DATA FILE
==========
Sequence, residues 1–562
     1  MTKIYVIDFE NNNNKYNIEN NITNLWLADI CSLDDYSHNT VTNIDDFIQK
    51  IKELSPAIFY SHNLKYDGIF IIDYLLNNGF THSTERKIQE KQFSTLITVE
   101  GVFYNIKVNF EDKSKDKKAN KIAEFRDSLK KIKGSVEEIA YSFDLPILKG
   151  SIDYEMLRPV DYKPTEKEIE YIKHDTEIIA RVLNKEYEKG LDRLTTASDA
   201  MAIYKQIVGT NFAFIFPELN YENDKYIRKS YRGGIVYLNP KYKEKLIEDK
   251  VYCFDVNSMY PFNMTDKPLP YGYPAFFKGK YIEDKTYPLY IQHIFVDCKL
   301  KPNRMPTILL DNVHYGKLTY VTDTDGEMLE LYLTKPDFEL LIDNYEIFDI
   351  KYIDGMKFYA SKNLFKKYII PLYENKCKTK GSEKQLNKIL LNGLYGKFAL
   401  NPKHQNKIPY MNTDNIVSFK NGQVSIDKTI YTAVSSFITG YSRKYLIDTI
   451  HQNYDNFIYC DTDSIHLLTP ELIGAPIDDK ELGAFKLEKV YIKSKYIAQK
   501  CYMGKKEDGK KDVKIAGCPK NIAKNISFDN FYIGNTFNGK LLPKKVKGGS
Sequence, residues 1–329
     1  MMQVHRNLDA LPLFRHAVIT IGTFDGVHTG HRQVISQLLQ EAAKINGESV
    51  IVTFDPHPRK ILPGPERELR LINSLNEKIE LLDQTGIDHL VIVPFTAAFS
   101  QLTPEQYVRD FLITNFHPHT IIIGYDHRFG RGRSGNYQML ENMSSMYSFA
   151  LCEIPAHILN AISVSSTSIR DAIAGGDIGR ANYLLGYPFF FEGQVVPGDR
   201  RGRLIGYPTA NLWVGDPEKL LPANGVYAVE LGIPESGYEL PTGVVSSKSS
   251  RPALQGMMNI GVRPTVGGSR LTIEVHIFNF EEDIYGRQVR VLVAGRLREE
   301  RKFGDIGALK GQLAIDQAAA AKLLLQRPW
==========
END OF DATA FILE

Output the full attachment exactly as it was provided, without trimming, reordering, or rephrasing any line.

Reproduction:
Sequence, residues 1–562
     1  MTKIYVIDFE NNNNKYNIEN NITNLWLADI CSLDDYSHNT VTNIDDFIQK
    51  IKELSPAIFY SHNLKYDGIF IIDYLLNNGF THSTERKIQE KQFSTLITVE
   101  GVFYNIKVNF EDKSKDKKAN KIAEFRDSLK KIKGSVEEIA YSFDLPILKG
   151  SIDYEMLRPV DYKPTEKEIE YIKHDTEIIA RVLNKEYEKG LDRLTTASDA
   201  MAIYKQIVGT NFAFIFPELN YENDKYIRKS YRGGIVYLNP KYKEKLIEDK
   251  VYCFDVNSMY PFNMTDKPLP YGYPAFFKGK YIEDKTYPLY IQHIFVDCKL
   301  KPNRMPTILL DNVHYGKLTY VTDTDGEMLE LYLTKPDFEL LIDNYEIFDI
   351  KYIDGMKFYA SKNLFKKYII PLYENKCKTK GSEKQLNKIL LNGLYGKFAL
   401  NPKHQNKIPY MNTDNIVSFK NGQVSIDKTI YTAVSSFITG YSRKYLIDTI
   451  HQNYDNFIYC DTDSIHLLTP ELIGAPIDDK ELGAFKLEKV YIKSKYIAQK
   501  CYMGKKEDGK KDVKIAGCPK NIAKNISFDN FYIGNTFNGK LLPKKVKGGS
Sequence, residues 1–329
     1  MMQVHRNLDA LPLFRHAVIT IGTFDGVHTG HRQVISQLLQ EAAKINGESV
    51  IVTFDPHPRK ILPGPERELR LINSLNEKIE LLDQTGIDHL VIVPFTAAFS
   101  QLTPEQYVRD FLITNFHPHT IIIGYDHRFG RGRSGNYQML ENMSSMYSFA
   151  LCEIPAHILN AISVSSTSIR DAIAGGDIGR ANYLLGYPFF FEGQVVPGDR
   201  RGRLIGYPTA NLWVGDPEKL LPANGVYAVE LGIPESGYEL PTGVVSSKSS
   251  RPALQGMMNI GVRPTVGGSR LTIEVHIFNF EEDIYGRQVR VLVAGRLREE
   301  RKFGDIGALK GQLAIDQAAA AKLLLQRPW